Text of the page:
Members of the Kentlands Wine Club gathered in the Kentlands Clubhouse on Friday, Sept. 21 to kick off their inaugural meeting. The word “meeting” is far too serious a term for the convivial atmosphere of the evening, where a group of more than 40 came together to socialize, try new wines and learn a little in the process. Fortunately, my editor had some instinct that I would be just the person for this hard-hitting assignment, one that I eagerly accepted.
Steve Longley, along with his wife, Lynn, founded the Kentlands Wine Club, which is open to all residents of Kentlands and Lakelands. Residents of Kentlands since 1993, the Longleys found that many of their neighbors also enjoyed wine and quite a few were taking trips centered in regions around the world known for their wineries. In addition to sharing their neighbors’ experiences in Italy and France, the Longleys have made many excursions with friends to taste the best of Maryland and Virginia vines. They knew that a wine club could be a popular attraction.
The Longleys wanted the club to be a community effort, one that would include folks from Kentlands and Lakelands who share a common interest. So, they reached out to the Kentlands Community Foundation and asked if this new club might suit the Foundation’s mission.
Given that the Foundation’s criteria for inclusion strives to “balance arts and cultural activities with opportunities for community outreach and volunteerism,” the Kentlands Wine Club was admitted by unanimous vote.
For the kickoff event, guests were encouraged to bring a bottle of wine that they enjoyed with an accompanying note explaining why they love it. The evening began with a presentation from Liz Kidderman, the mid-Atlantic representative from Jackson Stanley wines. Kidderman shared copies of an “aroma wheel,” which illustrates over 100 characteristics of wine. With the aroma wheel, according to its creator, Dr. Ann Noble, “wine drinkers can learn to name the aromas and flavors they perceive.”
Kidderman also brought corkscrews for every guest, noting that if you have a good corkscrew, you’ll save money. No one likes having to toss a fantastic bottle of wine because the cork ended up moving in the wrong direction.
Longley brought a Stonestreet chardonnay, which he described as well-balanced and possessing a flavor of oak with some length to it. His favorite of the night, however, was a version of haut-brion as well as a petite Sirah Arroyo that he noted was “dense dark purple and sensational.”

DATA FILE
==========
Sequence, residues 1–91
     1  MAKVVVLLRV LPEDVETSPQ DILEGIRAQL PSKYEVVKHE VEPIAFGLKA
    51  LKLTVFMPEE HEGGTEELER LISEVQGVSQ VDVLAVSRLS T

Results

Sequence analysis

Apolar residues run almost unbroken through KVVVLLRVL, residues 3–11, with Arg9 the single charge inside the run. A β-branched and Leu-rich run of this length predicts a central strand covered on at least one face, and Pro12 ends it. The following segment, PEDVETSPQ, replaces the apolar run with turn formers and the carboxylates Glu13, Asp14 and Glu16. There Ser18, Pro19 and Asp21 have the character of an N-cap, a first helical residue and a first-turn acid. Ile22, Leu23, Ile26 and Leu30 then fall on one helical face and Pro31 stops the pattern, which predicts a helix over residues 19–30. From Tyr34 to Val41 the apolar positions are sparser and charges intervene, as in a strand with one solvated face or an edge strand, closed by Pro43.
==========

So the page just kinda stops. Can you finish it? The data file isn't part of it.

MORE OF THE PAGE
Longtime Kentlands resident Eileen Schlictling shared that she had brought a bottle of Cristom pinot noir from Oregon’s Willamette Valley. What a great introduction for my husband and me, walking into a group of people we didn’t know. Willamette Valley pinot noirs are our favorite.
The event was the perfect way to wind down after a long week. The club’s Kentlands Clubhouse meeting space is central and convenient, within walking distance for many.
With so many fabulous family-friendly activities in the neighborhood, having an adults-only social event is needed and welcome.
As a sanctioned program of the Kentlands Community Foundation, the Wine Club will become involved in charitable endeavors as the group grows. Members will decide what charity to support. Longley was confident that any fundraising by the club would benefit a local charity.
The Kentlands Wine Club’s next meeting will be Friday, Oct. 19, 7 p.m. at the Kentlands Clubhouse. The October event will feature a sommelier who will teach techniques and tasting. A sommelier can also help recommend wines you might like basedon your current favorites. Longley said this will be a great opportunity for club members to broaden their palates and learn about new wines.
Eventually, the club hopes to host wine dinners as well. For more information about the club, visit kentlandsfoundation.org/home/about/programs/kentlands-wine-club